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Tech firms drive India office leasing rebound
LEASING of offices in India have recovered to pre-pandemic levels after government-imposed lockdowns to combat the coronavirus led to the steepest fall in a decade, according to fresh data from Knight Frank.
Gross leasings across the top eight cities in October-December 2020 reached 115 per cent of the quarterly average for 2019 from 31 per cent the previous quarter, the research firm said in a report published on Wednesday.
The technology sector dominated with 41 per cent of total leasings across the second half of 2020 with Bengaluru, known as India's Silicon Valley, seeing transactions rise 8 per cent during the period from the previous year.
"Pre-commitments contributed 24 per cent of the total transacted volume of 1.63 million square metres (sq m) in the fourth quarter, signifying that businesses are re-initiating expansion plans in the new normal," Knight Frank said.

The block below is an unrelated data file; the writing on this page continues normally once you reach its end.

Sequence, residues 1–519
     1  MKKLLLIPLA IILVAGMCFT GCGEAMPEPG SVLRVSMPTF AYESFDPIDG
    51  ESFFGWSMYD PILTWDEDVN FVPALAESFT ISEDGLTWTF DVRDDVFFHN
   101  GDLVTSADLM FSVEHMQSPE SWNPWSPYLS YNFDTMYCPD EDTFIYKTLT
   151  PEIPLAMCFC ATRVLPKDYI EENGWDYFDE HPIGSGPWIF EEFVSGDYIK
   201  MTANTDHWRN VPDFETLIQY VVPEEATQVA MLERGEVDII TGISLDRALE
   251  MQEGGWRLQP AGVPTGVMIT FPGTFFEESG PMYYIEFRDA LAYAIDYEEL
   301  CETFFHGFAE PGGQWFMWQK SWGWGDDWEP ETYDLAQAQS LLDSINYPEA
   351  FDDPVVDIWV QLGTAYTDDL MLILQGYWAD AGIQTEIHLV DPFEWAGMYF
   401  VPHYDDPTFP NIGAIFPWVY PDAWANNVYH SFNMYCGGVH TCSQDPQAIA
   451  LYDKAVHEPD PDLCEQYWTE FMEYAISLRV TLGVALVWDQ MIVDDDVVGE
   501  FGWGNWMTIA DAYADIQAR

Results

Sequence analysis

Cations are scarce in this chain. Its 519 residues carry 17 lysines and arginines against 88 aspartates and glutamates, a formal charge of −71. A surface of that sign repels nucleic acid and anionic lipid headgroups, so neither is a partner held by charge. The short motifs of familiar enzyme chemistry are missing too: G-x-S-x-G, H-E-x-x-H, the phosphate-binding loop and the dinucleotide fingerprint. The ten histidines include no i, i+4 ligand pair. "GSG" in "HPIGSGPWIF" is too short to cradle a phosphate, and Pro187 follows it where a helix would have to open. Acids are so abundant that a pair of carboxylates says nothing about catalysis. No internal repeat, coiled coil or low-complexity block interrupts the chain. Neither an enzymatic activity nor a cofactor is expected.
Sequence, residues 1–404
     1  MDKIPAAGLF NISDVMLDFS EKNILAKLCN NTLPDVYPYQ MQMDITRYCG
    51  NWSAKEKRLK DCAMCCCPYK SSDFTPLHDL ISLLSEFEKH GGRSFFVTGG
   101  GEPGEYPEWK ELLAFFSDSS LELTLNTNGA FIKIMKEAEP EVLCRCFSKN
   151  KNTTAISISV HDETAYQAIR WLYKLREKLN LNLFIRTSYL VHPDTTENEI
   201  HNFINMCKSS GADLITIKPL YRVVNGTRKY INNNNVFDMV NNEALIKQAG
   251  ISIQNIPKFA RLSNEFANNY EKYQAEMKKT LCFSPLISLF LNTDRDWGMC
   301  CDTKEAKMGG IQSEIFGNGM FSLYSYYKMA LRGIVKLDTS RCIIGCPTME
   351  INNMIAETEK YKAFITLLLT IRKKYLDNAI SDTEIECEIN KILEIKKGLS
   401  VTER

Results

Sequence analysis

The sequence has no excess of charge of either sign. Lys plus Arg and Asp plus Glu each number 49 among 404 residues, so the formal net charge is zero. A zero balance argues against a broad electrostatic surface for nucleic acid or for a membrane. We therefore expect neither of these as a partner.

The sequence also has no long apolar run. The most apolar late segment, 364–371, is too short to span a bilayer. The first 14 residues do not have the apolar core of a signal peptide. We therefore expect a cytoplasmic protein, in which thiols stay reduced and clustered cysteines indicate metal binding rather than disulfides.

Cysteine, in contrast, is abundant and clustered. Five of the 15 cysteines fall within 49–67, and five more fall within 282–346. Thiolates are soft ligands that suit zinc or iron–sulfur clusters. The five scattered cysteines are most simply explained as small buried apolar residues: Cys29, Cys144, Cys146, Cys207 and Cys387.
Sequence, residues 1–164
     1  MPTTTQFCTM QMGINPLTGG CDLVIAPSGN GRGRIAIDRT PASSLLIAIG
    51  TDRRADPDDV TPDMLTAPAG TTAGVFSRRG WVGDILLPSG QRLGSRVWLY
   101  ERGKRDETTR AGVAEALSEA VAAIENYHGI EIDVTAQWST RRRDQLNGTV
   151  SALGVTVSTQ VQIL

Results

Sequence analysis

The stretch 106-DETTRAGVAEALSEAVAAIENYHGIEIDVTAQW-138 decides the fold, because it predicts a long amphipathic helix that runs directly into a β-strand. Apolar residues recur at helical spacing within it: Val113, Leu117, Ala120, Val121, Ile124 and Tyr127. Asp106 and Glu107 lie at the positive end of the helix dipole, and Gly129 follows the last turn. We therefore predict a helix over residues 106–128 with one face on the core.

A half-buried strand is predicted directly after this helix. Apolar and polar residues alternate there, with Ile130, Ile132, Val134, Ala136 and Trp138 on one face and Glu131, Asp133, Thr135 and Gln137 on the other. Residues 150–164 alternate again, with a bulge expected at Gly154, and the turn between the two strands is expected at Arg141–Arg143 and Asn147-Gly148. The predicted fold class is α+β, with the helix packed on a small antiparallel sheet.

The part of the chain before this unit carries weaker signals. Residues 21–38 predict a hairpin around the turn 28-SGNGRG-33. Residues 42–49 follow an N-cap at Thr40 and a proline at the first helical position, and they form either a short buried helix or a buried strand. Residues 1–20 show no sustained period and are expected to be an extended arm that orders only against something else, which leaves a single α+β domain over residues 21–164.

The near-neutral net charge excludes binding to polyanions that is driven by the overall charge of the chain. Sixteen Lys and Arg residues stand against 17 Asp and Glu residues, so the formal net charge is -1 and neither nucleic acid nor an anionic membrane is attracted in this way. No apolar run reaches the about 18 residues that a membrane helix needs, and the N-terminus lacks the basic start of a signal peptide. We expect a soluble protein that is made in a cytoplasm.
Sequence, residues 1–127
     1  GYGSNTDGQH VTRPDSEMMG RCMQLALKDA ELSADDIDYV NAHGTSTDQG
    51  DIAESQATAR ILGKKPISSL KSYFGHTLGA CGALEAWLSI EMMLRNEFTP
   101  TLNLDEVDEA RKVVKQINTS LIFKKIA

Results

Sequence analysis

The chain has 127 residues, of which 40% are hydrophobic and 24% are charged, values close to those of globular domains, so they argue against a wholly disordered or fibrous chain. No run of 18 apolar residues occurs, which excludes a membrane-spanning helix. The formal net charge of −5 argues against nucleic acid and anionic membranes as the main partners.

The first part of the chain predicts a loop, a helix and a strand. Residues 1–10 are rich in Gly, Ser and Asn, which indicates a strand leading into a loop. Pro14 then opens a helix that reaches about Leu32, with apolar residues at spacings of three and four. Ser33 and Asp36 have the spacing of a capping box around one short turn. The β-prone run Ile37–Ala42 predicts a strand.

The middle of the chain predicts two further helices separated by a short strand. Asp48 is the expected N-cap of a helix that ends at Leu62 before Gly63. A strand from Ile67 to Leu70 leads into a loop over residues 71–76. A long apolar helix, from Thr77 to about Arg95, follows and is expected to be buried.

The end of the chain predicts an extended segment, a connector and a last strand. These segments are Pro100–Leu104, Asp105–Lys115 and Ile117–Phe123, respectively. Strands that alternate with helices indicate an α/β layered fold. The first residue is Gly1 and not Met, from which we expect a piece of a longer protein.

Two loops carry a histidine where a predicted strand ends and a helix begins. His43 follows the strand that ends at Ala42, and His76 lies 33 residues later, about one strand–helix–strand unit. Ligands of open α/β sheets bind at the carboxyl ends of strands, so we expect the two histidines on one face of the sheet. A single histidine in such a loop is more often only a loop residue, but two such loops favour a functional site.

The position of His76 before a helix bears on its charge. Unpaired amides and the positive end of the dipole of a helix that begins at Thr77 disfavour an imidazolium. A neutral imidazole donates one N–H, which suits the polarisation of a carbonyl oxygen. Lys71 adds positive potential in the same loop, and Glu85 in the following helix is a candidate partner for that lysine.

"With the possibility of a viable vaccine being made available soon, occupiers have renewed their search for expansion opportunities."
India imposed one of the world's strictest lockdowns toward the end of March, which slammed almost all sectors of the economy while boosting the need for technology-driven services. Business have been gradually reopening since September as fresh infections slow.
Office space absorption dropped 33 per cent year-on-year in July-December to 2.06 million sq m, but increased by 28.8 per cent from the first half.
Average office rents in Bengaluru, Chennai and Hyderabad maintained 2019 levels, but rents in Mumbai, Pune and the National Capital Region fell by 5.6 per cent, 6 per cent and 4.4 per cent respectively.
The data also show residential sales of 94,997 units between July and December last year, a fall of 19 per cent from the same period in 2019 but an improvement of around 60 per cent from the first half of 2020, as a steep cut in interest rates made it more attractive to buy.
Key states like Maharashtra, which houses Mumbai, also reduced local taxes and overall prices fell in some cities.
Homes costing more than five million rupees (S$90,031) constituted 57 per cent of all sales during the period, as the relatively wealthy were less affected by the pandemic. BLOOMBERG